Psychological Stress and Immunity

Stress can be defined as a state of altered homeostasis resulting from either an external or an internal stimulus. The host's response to stress is designed to restore homeostasis through a variety of adaptive neuroendocrine-mediated mechanisms (Ramsey, 1982). This restoration of homeostasis is accomplished, in part, through the increased synthesis of a variety of neuroendocrine-derived peptides and hormones. For example, the perception of a psychological stressor activates the hypothalamic-pituitary-adrenal (HPA) axis and the sympathetic branch of the autonomic nervous system. This activation culminates in the synthesis of both cortisol (corticosterone in rodents) by the adrenal glands and epinephrine and norepinephrine by the sympathetic nervous system. Interestingly, in addition to their roles in maintaining homeostasis, these and other products of the nervous and endocrine system pathways can also modulate immune function through their binding to specific receptors that are expressed by the many cell types that comprise the immune system. As a result, most aspects of immune function, including immunity to HSV, have the potential to be modulated under conditions of psychological stress.

Although studies in humans have established a clear relationship between stress and susceptibility to HSV infection, these studies have not been able to address each of the components of the immune response that underlie this relationship. However, the use of animal models has provided the opportunity to determine these immune components given the ability to establish an HSV infection and assess the responses at various sites throughout the body. Using a murine model, the effects of stress on susceptibility to HSV infections have been known for nearly 50 years (Rasmussen et al., 1957). Although these studies were important in establishing an association between stress and viral infection, they were unable to identify specific antiviral immune defense mechanisms that were modulated by stress and that contributed to viral pathogenesis, because the components and mechanisms of antiviral immune responses were unknown at that time. Since then, however, significant progress has been made in understanding the complex immune interactions that are necessary for the development of protective immunity to viral infections, including HSV. Thus, it is now possible to study the effects of stress on defined components of the antiviral immune response.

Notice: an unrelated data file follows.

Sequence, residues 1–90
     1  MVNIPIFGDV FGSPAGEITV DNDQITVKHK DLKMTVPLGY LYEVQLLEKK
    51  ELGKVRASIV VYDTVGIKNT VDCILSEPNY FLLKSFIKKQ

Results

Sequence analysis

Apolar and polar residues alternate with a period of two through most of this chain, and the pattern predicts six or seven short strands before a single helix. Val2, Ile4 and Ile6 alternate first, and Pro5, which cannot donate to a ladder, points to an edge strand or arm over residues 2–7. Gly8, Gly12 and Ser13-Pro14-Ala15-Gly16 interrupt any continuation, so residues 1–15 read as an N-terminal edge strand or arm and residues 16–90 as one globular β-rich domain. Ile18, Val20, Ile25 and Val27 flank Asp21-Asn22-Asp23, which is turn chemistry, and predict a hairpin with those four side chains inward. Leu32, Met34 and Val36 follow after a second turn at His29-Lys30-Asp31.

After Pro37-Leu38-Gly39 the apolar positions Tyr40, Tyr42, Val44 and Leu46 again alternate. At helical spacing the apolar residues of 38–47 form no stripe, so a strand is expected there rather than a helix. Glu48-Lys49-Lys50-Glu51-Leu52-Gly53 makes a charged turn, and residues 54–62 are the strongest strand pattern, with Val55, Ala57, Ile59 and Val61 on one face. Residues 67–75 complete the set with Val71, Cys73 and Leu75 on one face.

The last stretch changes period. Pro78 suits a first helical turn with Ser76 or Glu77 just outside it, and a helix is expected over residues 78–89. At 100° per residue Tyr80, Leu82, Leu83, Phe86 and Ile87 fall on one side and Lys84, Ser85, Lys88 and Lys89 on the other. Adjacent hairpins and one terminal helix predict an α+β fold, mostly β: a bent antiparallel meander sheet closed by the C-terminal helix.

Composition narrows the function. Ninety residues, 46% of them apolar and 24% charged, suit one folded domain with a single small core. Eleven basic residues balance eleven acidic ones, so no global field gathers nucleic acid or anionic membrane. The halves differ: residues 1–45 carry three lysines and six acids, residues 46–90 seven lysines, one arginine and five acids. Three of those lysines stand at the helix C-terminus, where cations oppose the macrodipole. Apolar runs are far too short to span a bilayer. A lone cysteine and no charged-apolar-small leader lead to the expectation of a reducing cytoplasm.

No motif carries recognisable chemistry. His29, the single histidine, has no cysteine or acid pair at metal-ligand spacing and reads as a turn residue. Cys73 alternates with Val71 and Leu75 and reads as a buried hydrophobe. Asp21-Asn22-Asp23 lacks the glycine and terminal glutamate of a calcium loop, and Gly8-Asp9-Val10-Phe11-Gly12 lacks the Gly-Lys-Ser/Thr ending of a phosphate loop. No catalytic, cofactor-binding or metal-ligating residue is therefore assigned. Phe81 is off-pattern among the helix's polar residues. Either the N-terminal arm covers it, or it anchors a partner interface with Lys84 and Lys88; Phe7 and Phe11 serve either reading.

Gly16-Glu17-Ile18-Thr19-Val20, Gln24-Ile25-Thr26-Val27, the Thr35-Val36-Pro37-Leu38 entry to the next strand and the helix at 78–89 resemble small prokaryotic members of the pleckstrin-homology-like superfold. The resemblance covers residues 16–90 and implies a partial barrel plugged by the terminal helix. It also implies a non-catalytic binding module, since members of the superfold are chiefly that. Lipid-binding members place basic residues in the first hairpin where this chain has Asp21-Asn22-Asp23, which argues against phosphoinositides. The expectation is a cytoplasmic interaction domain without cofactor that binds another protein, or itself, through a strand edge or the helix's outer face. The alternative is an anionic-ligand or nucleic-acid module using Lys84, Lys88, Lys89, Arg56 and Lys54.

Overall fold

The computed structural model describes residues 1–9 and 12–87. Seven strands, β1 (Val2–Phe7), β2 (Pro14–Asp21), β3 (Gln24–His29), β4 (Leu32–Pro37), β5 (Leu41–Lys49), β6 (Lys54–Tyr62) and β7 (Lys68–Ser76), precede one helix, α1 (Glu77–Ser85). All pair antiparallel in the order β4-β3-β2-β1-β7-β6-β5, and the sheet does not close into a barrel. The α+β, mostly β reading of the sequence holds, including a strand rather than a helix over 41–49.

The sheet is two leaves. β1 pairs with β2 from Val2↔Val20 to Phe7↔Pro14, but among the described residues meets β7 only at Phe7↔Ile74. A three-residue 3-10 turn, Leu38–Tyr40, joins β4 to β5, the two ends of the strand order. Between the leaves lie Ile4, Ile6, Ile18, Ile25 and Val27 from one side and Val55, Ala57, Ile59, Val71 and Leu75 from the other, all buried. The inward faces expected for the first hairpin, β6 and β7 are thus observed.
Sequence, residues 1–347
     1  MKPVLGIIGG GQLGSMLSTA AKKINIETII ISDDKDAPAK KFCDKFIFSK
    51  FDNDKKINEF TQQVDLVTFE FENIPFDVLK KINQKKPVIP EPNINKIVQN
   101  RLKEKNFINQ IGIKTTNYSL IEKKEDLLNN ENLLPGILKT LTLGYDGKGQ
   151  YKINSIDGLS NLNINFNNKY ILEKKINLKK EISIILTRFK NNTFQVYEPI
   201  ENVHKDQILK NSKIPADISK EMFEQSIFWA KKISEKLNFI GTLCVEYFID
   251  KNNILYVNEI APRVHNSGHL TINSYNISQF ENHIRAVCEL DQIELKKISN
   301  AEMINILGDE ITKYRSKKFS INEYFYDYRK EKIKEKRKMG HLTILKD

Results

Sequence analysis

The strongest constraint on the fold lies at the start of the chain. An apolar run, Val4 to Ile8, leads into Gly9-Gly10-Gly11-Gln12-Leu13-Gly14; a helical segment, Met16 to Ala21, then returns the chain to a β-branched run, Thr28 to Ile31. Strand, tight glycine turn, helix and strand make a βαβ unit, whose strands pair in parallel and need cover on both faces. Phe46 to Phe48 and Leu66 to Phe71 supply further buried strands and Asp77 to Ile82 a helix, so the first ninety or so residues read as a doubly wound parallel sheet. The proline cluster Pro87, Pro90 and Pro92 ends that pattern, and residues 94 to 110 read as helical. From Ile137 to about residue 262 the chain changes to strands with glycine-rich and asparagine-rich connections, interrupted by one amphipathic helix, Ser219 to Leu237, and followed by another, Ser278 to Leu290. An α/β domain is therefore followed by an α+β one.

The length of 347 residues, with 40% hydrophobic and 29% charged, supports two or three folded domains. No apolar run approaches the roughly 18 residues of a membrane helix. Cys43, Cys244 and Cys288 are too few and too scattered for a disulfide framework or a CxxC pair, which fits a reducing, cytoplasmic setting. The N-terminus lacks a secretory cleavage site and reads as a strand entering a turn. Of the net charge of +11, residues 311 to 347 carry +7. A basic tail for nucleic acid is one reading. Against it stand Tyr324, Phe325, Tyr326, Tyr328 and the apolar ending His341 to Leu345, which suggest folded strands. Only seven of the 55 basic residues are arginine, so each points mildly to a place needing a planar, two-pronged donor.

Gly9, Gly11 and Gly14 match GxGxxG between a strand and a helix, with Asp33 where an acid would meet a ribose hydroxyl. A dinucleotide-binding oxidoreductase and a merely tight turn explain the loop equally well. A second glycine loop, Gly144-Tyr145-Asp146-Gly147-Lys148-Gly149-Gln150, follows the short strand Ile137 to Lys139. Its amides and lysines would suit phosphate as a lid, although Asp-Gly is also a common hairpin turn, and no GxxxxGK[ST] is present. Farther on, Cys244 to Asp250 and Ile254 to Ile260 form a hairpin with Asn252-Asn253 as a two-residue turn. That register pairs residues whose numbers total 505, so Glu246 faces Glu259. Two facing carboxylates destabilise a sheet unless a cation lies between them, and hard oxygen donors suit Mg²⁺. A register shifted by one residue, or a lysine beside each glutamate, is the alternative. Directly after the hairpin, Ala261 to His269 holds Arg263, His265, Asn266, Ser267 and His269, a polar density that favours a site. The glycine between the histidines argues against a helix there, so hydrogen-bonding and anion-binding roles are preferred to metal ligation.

A number of animal-based studies have been conducted in an attempt to decipher the impact of psychological stress on immune function. Although many of the early studies had simply focused on aspects of nonspecific immune function such as lymphocyte proliferation and cytokine production, more recent studies have examined the effects of stress on the specific immune response to viral pathogens including HSV (Bonneau et al, 1991a, 1991b; Bonneau et al., 1993; Dobbs et al., 1993; Bonneau, 1996; Bonneau et al., 1997; Brenner and Moynihan, 1997; Glaser and Kiecolt-Glaser, 1997; Pariante et al., 1997; Bonneau et al., 1998; Carr et al, 1998; Delano and Mallery, 1998; Leo et al., 1998; Noisakran et al., 1998; Padgett et al, 1998a; Cruess et al, 2000; Leo and Bonneau, 2000a, 2000b; Buske-Kirschbaum et al., 2001; Wonnacott and Bonneau, 2002; Anglen et al., 2003; Ortiz et al., 2003), influenza virus (Sheridan et al., 1991; Feng et al., 1991; Hermann et al, 1993,1994a, 1994b, 1995; Dobbs et al, 1996; Padgett et al, 1998b; Cohen et al, 1999; Sheridan et al., 2000; Konstantinos and Sheridan, 2001; Hunzeker et al., 2004), adenovirus (Cohen et al., 1997), pseudorabies virus (deGroot et al., 1999a, 1999b), and Theiler's virus (Johnson et al., 2004; Mi et al, 2004; Sieve et al., 2004; Welsh et al., 2004). Some of these latter studies have also focused on the contribution of glucocorticoids and sympathetic nervous system products and have used a variety of stressors including physical restraint, social reorganization, social disruption, hypothermia, and acoustic stress to induce increased neuroendocrine levels. Despite the known widespread effects of stress on antiviral immunity, the studies described in this chapter focus specifically on the impact of stress on immunity to HSV.

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